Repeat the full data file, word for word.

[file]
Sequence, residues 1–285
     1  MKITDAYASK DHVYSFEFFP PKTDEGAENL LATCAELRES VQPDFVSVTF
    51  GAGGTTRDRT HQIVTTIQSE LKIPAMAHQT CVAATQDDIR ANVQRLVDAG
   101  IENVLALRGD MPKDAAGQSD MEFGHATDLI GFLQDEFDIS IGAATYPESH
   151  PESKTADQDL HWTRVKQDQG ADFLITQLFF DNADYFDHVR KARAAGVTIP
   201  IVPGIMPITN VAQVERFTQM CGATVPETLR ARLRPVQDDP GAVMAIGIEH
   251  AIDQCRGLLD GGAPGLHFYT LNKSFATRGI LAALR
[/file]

Sequence, residues 1–285
     1  MKITDAYASK DHVYSFEFFP PKTDEGAENL LATCAELRES VQPDFVSVTF
    51  GAGGTTRDRT HQIVTTIQSE LKIPAMAHQT CVAATQDDIR ANVQRLVDAG
   101  IENVLALRGD MPKDAAGQSD MEFGHATDLI GFLQDEFDIS IGAATYPESH
   151  PESKTADQDL HWTRVKQDQG ADFLITQLFF DNADYFDHVR KARAAGVTIP
   201  IVPGIMPITN VAQVERFTQM CGATVPETLR ARLRPVQDDP GAVMAIGIEH
   251  AIDQCRGLLD GGAPGLHFYT LNKSFATRGI LAALR